Limits...
Predicting Outcome 12 Months after Mild Traumatic Brain Injury in Patients Admitted to a Neurosurgery Service

View Article: PubMed Central - PubMed

ABSTRACT

Objective: Accurate outcome prediction models for patients with mild traumatic brain injury (MTBI) are key for prognostic assessment and clinical decision-making. Using multivariate machine learning, we tested the unique and added predictive value of (1) magnetic resonance imaging (MRI)-based brain morphometric and volumetric characterization at 4-week postinjury and (2) demographic, preinjury, injury-related, and postinjury variables on 12-month outcomes, including global functioning level, postconcussion symptoms, and mental health in patients with MTBI.

Methods: A prospective, cohort study of patients (n = 147) aged 16–65 years with a 12-month follow-up. T1-weighted 3 T MRI data were processed in FreeSurfer, yielding accurate cortical reconstructions for surface-based analyses of cortical thickness, area, and volume, and brain segmentation for subcortical and global brain volumes. The 12-month outcome was defined as a composite score using a principal component analysis including the Glasgow Outcome Scale Extended, Rivermead Postconcussion Questionnaire, and Patient Health Questionnaire-9. Using leave-one-out cross-validation and permutation testing, we tested and compared three prediction models: (1) MRI model, (2) clinical model, and (3) MRI and clinical combined.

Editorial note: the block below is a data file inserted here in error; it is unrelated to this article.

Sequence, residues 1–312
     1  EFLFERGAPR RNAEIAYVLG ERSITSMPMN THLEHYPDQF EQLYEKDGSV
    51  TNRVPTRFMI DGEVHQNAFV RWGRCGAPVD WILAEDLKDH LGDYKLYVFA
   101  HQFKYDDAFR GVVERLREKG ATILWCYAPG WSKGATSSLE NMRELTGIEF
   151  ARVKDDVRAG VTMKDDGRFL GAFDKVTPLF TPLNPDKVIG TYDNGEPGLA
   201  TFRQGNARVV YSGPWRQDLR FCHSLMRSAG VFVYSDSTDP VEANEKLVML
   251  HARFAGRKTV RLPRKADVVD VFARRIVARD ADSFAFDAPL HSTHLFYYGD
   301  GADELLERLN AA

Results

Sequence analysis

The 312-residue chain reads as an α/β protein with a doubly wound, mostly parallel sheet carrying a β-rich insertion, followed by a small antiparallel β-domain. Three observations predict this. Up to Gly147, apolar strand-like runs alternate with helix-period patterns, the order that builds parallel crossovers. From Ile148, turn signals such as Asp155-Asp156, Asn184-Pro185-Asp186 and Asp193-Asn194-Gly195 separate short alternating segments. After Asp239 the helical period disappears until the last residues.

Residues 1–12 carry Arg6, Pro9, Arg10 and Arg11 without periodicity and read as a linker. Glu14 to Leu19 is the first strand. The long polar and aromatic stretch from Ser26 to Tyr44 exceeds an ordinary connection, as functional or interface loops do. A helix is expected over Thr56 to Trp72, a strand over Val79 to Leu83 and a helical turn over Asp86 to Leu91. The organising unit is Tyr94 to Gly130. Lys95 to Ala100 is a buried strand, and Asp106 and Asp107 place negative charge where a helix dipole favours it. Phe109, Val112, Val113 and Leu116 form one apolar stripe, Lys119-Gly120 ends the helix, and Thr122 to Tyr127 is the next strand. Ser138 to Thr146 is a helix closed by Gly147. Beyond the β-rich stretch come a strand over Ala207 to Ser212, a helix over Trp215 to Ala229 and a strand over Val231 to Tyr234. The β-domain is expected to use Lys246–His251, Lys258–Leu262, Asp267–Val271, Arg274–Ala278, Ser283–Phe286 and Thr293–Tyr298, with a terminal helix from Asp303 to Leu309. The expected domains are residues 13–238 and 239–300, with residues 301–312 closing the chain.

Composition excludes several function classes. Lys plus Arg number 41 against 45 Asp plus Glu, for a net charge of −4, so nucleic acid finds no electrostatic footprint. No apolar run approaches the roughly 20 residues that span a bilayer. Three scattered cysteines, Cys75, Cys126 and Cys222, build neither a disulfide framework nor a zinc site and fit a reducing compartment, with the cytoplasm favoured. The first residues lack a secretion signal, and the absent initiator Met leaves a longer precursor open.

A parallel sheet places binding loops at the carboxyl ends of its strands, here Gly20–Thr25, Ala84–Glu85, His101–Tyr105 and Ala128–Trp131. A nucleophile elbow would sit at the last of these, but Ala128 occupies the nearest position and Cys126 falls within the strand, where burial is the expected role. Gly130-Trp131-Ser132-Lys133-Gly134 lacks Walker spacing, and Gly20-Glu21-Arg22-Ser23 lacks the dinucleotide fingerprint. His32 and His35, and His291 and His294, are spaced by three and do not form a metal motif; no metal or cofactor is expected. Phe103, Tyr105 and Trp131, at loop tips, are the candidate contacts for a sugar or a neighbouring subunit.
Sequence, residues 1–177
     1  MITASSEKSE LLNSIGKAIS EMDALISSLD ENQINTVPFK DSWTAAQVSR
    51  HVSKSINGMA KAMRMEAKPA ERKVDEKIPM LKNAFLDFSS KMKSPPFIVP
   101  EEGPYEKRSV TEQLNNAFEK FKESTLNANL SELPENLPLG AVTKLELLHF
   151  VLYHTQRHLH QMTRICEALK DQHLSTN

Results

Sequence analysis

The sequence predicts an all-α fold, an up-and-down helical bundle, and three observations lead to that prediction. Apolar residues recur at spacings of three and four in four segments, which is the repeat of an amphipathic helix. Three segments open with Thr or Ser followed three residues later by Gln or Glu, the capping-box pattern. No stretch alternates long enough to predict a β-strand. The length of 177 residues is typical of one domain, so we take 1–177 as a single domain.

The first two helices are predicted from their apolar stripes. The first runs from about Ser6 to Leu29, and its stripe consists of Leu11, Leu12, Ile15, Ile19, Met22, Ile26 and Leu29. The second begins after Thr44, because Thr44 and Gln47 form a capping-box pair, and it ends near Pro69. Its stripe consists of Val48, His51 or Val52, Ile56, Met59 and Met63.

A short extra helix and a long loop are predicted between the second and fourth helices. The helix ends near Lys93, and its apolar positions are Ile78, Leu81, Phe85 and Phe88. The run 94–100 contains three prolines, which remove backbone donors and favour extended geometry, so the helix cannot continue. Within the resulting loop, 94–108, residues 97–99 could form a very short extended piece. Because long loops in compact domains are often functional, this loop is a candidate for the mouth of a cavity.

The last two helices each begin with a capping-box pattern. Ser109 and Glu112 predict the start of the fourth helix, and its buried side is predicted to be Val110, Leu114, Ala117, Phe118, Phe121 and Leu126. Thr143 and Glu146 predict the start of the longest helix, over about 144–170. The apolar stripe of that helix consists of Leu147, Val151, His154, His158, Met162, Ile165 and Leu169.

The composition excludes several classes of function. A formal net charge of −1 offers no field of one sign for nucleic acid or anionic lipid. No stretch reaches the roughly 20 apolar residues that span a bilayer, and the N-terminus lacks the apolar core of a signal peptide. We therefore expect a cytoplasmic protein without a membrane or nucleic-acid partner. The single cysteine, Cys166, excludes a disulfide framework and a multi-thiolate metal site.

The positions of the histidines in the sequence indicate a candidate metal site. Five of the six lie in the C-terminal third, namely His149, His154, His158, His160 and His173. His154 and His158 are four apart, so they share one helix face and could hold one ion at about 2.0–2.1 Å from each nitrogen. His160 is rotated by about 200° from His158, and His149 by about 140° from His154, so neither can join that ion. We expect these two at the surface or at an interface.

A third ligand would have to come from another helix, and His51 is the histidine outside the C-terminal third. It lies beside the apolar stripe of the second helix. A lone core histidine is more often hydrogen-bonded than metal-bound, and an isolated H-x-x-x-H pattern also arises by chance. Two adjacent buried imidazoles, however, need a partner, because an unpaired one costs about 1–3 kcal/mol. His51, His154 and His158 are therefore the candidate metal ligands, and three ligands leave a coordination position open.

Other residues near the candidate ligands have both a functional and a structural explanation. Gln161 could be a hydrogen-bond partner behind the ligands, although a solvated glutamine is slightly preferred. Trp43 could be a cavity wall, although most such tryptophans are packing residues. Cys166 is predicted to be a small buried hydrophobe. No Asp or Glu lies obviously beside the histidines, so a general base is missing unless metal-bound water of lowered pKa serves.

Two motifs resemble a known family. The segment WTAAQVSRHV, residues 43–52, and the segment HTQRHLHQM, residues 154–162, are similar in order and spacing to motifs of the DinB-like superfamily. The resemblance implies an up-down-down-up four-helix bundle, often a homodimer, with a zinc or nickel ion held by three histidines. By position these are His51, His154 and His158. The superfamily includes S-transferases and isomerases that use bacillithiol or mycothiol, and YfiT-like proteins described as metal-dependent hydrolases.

Results: We found a strong correlation between observed and predicted outcomes for the clinical model (r = 0.55, p < 0.001). The MRI model performed at the chance level (r = 0.03, p = 0.80) and the combined model (r = 0.45, p < 0.002) were slightly weaker than the clinical model. Univariate correlation analyses revealed the strongest association with outcome for postinjury factors of posttraumatic stress (Posttraumatic Symptom Scale-10, r = 0.61), psychological distress (Hospital Anxiety and Depression Scale, r = 0.52), and widespread pain (r = 0.43) assessed at 8 weeks.

Conclusion: We found no added predictive value of MRI-based measures of brain cortical morphometry and subcortical volumes over and above demographic and clinical features.

No MeSH data available.


Association between predicted and observed outcome. (A) Imaging model mean squared error (MSE): 4.05, (B) clinical model MSE: 2.58, and (C) model with imaging + clinical data MSE: 2.91.
© Copyright Policy
Related In: Results  -  Collection

License
getmorefigures.php?uid=PMC5385465&req=5

Figure 2: Association between predicted and observed outcome. (A) Imaging model mean squared error (MSE): 4.05, (B) clinical model MSE: 2.58, and (C) model with imaging + clinical data MSE: 2.91.

Mentions: Figure 2 shows the association between predicted and observed outcomes. With an MSE of 2.58 and a correlation between observed and predicted outcomes (r = 0.55), the clinical model (model B) yielded significantly better prediction accuracy than the imaging model (MSE 4.05, r = 0.03). Predictions in model A (MRI data only) did not perform significantly above chance (p = 0.80, p value obtained across 10,000 permutations), whereas those in model B (clinical data only) were well above chance (p < 0.001). The prediction accuracy of the imaging model with age incorporated as a feature did not improve (MSE: 4.06). Adding MRI and clinical data in one model (model C) did not increase performance (model 3, MSE 2.91, r = 0.45, p < 0.002) compared to the clinical model.


Predicting Outcome 12 Months after Mild Traumatic Brain Injury in Patients Admitted to a Neurosurgery Service